Former Clinton Campaign Official Calls James Comey's Firing 'Very Suspect'
ROBERT SIEGEL, HOST:
Hillary Clinton herself said last week that she would have won the election if not for Comey's announcement that he was reopening the email investigation in the last days of the campaign. We want to bring in now Jennifer Palmieri. She was communications director for the 2016 Clinton campaign. Welcome to the program. And first, have you spoken with with Secretary Clinton or others from the campaign about this development? If so, what have they said?
JENNIFER PALMIERI: I haven't spoken with Secretary Clinton. I have spoken with some of my other colleagues. And as you might imagine, it's sort of head-spinning development as it relates to our world and to the campaign. But I think people pretty quickly get to the broader implications and concern about, you know, the sitting president of the United States firing the FBI director that's investigating him.
SIEGEL: What do you make of the White House explanation that this was really about the way Comey handled the investigation into Hillary Clinton?
PALMIERI: It doesn't seem very credible when candidate Trump took a very different view of Comey's actions. And then President Trump as recently, you know, as just a couple of days ago was tweeting that Comey had helped Hillary Clinton and that it was outrageous for him to suggest - for Hillary to suggest otherwise.
So it's very much at odds with where President Trump has been on how Comey handled this before. And so it's - I just find it - it seems quite suspicious and much more likely to be about - to be about Trump's investigation - excuse me, about Comey's investigation of Trump than Comey's investigation of Clinton.
SIEGEL: Let's try - this may be foolish in Washington. Let's try to take this out of the realm of politics for a moment.
PALMIERI: (Laughter) Yes.
SIEGEL: Given the way that James Comey did handle the investigation into Secretary Clinton's emails, would any FBI director merit firing for what he did?
PALMIERI: Well, the president can fire the FBI director for whatever - for any reason. I don't - I think that there is cause to do so in the case of Comey and how he handled the Clinton investigation. So it is not as if the action doesn't have - that there is not cause for firing him. But given where President - given all - how - what the White House said today contradicts the statements that President Trump has said all along about Comey's handling of the Clinton email investigation, it's very suspect.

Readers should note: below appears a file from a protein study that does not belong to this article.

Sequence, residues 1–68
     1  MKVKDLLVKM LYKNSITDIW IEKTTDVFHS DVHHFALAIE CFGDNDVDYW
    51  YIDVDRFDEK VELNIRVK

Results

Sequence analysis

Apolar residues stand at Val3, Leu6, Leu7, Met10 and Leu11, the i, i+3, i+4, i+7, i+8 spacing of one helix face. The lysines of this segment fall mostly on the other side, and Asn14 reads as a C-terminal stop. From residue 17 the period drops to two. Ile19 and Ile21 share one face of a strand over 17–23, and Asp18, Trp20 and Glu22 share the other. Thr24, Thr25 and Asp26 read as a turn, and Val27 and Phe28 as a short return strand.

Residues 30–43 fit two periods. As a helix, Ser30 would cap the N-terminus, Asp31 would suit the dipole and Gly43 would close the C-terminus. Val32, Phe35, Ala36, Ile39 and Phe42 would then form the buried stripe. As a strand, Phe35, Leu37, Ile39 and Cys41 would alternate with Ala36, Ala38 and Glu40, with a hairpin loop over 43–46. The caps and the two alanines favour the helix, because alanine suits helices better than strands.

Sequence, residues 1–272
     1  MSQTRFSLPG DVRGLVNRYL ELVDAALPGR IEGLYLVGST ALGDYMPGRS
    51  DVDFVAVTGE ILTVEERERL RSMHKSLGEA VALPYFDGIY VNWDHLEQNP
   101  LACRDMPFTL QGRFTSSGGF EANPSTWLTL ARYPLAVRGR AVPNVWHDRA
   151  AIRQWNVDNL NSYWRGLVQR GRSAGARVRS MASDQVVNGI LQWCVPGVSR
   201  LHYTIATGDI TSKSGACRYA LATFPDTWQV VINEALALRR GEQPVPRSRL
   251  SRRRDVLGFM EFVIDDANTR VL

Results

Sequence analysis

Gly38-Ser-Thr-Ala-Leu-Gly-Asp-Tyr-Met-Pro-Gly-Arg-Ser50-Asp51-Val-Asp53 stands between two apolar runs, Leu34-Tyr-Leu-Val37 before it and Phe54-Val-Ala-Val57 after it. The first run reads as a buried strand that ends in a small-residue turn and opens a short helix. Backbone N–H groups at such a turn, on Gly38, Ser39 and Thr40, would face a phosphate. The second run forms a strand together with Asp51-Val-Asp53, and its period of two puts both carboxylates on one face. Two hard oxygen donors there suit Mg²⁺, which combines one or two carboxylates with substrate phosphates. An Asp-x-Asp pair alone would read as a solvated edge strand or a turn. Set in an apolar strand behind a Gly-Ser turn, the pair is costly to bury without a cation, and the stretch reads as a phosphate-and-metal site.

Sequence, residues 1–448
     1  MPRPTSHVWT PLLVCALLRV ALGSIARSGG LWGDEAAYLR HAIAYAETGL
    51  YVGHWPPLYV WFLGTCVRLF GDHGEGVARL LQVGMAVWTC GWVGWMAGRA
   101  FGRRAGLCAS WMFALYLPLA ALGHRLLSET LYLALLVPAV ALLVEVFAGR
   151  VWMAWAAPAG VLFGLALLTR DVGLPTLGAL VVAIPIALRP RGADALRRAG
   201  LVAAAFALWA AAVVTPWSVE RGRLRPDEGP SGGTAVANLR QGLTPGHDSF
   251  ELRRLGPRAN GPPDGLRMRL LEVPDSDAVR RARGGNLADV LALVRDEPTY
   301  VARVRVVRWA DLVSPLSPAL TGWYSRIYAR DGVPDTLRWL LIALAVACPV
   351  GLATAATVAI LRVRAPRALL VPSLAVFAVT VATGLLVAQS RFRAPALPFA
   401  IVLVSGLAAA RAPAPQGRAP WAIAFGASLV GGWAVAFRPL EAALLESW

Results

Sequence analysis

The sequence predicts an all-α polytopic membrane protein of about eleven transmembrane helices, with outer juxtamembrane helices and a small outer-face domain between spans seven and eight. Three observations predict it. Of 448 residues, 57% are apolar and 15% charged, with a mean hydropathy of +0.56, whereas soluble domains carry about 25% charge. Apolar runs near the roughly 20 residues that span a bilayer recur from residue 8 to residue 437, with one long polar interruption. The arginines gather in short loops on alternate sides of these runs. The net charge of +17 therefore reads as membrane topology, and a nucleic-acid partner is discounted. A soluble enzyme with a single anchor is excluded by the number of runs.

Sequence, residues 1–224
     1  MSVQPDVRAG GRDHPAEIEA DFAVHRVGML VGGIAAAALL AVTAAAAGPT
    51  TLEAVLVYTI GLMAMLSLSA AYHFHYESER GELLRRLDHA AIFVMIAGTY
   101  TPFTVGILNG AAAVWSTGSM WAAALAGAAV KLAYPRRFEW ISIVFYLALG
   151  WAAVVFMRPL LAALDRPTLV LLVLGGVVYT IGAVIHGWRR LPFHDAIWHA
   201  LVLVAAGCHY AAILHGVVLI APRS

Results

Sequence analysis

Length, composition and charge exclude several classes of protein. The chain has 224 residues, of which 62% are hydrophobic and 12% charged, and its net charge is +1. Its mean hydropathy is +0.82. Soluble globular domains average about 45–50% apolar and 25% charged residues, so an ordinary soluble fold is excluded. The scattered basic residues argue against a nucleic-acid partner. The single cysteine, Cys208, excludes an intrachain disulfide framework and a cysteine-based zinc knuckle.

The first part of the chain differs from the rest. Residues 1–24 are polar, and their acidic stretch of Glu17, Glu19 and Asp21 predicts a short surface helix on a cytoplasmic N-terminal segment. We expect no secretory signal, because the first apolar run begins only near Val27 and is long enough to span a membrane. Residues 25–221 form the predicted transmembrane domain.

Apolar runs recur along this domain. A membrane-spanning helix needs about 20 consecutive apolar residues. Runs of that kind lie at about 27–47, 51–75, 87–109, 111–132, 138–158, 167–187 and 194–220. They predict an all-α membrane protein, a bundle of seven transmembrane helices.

SIEGEL: On the other hand, as the White House is at pains to show, it echoes complaints that many Democrats made, that the FBI director had no authority to go into great detail as to how perilous Secretary Clinton had been. His job was to say, we're closing our investigation.
PALMIERI: Yes. I mean, I agree with those - with those findings. It's just suspicious that the Trump White House is now adopting that tone while Comey is investigating them. And if you step all the way back and look at this more objectively, the president of the United States has fired the acting attorney general and has fired the FBI director. And we're barely three months into the administration. And that's a pretty chilling fact for the democracy.
SIEGEL: I think you said earlier that I could probably imagine what those conversations were like with other veterans of the Clinton campaign.
PALMIERI: It is - it's surreal. The surreal circus that's the 2016 election continues well into 2017.
SIEGEL: Well, Jennifer Palmieri, thanks for talking with us about it.
PALMIERI: My pleasure.
SIEGEL: Jen (ph) Palmieri was communications director for Hillary Clinton's 2016 presidential campaign, speaking there about today's news, the dismissal of FBI Director James Comey. Transcript provided by NPR, Copyright NPR.